This section describes functions that  are  designed  to  be
     called directly by the user.  The first part describes those
     functions associated with the user's  calendar;  the  second
     part describes the use in glob qualifiers.

  Calendar system functions
[ start ] end ](
     calendar  [ -abdDsv ] [ -C calfile ] [ -n num ] [ -S show-
          prog ] [
] [ start ]
     calendar  -r [ -abdDrsv ] [ -C calfile ] [ -n num ] [ -S
          Show events in the calendar.

          With  no arguments, show events from the start of today
          until the end of the next working day after today.   In
          other  words,  if today is Friday, Saturday, or Sunday,
          show up to the end of the following  Monday,  otherwise
          show today and tomorrow.

          If end is given, show events from the start of today up
          to the time and date given,  which  is  in  the  format
          described  in  the previous section.  Note that if this
          is a date the time is assumed to  be  midnight  at  the
          start  of  the date, so that effectively this shows all
          events before the given date.

          end may start with a +, in which case the remainder  of
          the   specification   is  a  relative  time  format  as
          described in the previous section indicating the  range
          of time from the start time that is to be included.

          If  start is also given, show events starting from that
          time and date.  The word now can be  used  to  indicate
          the current time.

          To implement an alert when events are due, include cal-
          endar -s in your ~/.zshrc file.


          -a   Show all items in the calendar, regardless of  the
               start and end.

          -b   Brief:   don't  display  continuation  lines (i.e.
               indented  lines  following  the  line   with   the
               date/time), just the first line.

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          -B lines
               Brief:  display  at  most the first lines lines of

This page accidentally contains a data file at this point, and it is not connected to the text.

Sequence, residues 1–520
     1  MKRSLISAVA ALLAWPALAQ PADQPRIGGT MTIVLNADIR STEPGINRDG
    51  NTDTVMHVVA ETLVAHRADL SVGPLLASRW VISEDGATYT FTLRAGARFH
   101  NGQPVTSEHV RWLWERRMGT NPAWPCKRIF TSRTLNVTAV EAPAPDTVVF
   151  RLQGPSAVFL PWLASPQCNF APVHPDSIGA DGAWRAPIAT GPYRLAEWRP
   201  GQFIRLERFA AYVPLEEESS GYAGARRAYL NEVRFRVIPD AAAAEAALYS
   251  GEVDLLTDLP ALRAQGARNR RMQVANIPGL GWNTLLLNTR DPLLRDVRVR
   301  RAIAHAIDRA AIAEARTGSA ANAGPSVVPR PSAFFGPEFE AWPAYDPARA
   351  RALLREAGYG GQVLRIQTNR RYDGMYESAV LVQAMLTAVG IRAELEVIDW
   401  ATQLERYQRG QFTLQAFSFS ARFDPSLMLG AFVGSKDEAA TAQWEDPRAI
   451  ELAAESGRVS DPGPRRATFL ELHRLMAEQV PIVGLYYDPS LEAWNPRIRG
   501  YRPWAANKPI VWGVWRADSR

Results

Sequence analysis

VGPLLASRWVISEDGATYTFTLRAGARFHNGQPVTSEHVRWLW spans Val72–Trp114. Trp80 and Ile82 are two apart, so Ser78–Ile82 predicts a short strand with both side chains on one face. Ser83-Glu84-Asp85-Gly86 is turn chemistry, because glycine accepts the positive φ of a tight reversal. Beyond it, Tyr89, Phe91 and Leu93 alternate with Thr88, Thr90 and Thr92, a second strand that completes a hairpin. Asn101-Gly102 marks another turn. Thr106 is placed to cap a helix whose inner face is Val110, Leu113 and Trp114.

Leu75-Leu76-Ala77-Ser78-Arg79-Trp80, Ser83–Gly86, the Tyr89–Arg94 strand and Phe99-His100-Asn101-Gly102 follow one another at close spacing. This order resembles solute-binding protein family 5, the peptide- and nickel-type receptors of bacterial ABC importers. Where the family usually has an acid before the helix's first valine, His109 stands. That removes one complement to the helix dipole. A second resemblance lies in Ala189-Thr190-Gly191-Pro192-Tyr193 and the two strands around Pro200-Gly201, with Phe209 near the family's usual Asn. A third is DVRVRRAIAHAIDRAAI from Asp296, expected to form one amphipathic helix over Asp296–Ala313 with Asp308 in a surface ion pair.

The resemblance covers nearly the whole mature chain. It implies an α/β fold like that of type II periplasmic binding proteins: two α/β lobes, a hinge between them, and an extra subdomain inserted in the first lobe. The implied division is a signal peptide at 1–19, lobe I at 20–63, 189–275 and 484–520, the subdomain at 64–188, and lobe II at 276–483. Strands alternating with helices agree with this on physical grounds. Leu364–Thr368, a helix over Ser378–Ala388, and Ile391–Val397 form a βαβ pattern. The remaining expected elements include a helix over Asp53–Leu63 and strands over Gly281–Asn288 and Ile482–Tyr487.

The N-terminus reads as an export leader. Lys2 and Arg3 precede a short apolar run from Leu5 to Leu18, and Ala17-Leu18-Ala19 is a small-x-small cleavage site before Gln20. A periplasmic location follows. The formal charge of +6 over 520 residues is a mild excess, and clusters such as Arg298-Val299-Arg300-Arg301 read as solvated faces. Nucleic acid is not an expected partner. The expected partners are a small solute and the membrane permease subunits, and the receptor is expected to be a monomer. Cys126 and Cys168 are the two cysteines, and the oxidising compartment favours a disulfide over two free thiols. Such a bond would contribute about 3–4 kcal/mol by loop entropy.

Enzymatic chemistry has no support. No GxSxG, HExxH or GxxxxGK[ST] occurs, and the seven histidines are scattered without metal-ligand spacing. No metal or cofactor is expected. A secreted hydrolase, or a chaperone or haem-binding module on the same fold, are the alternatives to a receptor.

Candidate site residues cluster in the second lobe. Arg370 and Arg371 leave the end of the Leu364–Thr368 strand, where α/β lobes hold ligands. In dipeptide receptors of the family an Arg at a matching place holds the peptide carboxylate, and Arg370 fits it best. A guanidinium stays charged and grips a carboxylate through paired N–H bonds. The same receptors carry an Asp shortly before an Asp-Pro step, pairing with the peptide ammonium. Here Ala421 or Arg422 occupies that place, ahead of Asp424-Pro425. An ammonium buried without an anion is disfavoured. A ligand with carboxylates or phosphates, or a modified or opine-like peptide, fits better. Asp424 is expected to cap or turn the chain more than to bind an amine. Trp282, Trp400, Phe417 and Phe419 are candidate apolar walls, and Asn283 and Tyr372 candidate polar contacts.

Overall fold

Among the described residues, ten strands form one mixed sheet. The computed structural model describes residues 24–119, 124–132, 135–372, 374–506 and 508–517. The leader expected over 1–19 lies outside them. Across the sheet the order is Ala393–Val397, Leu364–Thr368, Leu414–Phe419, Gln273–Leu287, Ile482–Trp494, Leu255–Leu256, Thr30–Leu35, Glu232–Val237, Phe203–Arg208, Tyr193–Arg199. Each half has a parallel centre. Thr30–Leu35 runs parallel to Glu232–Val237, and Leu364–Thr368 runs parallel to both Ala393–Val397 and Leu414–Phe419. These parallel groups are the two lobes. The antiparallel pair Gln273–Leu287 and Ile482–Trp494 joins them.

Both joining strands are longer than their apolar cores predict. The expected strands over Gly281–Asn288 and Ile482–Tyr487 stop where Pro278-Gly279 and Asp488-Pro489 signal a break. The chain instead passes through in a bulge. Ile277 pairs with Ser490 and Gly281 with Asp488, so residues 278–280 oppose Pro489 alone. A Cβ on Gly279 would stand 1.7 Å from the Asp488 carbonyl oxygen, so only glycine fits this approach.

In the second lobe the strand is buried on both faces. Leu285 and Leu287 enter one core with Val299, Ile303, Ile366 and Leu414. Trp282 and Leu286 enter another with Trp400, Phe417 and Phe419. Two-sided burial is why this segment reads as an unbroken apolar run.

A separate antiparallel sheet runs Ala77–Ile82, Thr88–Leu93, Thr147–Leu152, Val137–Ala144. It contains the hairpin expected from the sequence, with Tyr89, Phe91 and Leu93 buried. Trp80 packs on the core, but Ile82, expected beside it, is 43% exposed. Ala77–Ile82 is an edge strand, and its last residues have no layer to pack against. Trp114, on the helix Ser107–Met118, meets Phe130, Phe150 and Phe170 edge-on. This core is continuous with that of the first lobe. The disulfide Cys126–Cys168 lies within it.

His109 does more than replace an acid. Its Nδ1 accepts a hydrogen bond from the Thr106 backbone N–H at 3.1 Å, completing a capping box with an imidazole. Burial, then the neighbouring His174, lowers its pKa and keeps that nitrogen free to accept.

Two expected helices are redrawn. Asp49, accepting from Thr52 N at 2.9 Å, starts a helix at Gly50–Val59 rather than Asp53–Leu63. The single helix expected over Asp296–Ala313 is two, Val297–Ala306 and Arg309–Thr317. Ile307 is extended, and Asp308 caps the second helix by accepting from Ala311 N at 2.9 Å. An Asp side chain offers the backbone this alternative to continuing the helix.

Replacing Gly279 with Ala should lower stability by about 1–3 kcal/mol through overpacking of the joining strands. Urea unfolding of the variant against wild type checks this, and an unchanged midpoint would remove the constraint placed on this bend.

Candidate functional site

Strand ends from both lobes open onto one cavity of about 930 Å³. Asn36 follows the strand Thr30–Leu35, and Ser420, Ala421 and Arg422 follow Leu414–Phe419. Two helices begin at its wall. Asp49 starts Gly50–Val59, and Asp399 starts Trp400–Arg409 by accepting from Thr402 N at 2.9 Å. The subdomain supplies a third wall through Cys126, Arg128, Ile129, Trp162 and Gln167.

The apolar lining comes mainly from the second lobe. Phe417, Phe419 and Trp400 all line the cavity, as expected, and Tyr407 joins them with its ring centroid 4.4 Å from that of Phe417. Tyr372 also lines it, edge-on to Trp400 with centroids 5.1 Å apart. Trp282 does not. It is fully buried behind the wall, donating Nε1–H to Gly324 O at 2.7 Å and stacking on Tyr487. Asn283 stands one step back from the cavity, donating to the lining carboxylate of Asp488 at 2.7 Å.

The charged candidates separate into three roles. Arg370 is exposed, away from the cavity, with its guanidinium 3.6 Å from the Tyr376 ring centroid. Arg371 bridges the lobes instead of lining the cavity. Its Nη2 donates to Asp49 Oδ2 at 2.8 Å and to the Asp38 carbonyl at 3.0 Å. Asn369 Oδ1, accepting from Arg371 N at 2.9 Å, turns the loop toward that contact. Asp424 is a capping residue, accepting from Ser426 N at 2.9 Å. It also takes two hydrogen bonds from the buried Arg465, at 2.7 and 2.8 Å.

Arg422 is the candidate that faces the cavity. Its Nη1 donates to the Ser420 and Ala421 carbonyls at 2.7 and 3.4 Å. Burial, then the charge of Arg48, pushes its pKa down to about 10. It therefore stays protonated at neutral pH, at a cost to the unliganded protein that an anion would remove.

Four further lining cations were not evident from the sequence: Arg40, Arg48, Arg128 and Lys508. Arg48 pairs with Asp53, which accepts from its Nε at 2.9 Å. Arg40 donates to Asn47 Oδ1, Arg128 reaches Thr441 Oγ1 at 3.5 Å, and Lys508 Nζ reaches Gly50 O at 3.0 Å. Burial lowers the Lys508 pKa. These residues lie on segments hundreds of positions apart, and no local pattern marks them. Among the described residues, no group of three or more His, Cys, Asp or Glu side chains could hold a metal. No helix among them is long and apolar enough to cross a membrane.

the calendar entry.  `-B 1' is equivalent to `-b'.

          -C calfile
               Explicitly  specify a calendar file instead of the
               value of the calendar-file style  or  the  default

          -d   Move any events that have passed from the calendar
               file to the "done" file, as given by the done-file
               style  or  the  default which is the calendar file
               with .done appended.  This option  is  implied  by
               the -s option.

          -D   Turns  off the option -d, even if the -s option is
               also present.

          -n num, -num
               Show at least num events, if present in the calen-
               dar file, regardless of the start and end.

          -r   Show  all  the  remaining options in the calendar,
               ignoring the given end time.  The  start  time  is
               respected;  any  argument  given  is  treated as a
               start time.

          -s   Use the shell's sched command to schedule a  timed
               event  that  will  warn  the user when an event is
               due.  Note that the sched command only runs if the
               shell  is  at  an interactive prompt; a foreground
               task blocks the scheduled task from running  until
               it is finished.

               The  timed event usually runs the programme calen-
               dar_show to show the event, as  described  in  the
               section UTILITY FUNCTIONS below.

               By  default,  a warning of the event is shown five
               minutes before it is due.  The warning period  can
               be configured by the style warn-time or for a sin-
               gle calendar entry by including  WARN  reltime  in
               the  first line of the entry, where reltime is one
               of the usual relative time formats.

               A repeated event may be indicated by including RPT
               reldate in the first line of the entry.  After the
               scheduled event has  been  displayed  it  will  be
               re-entered  into  the calendar file at a time rel-
               date after the existing event.  Note that this  is
               currently  the  only use made of the repeat count,
               so that it is not possible to query  the  schedule

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               for a recurrence of an event in the calendar until
               the previous event has passed.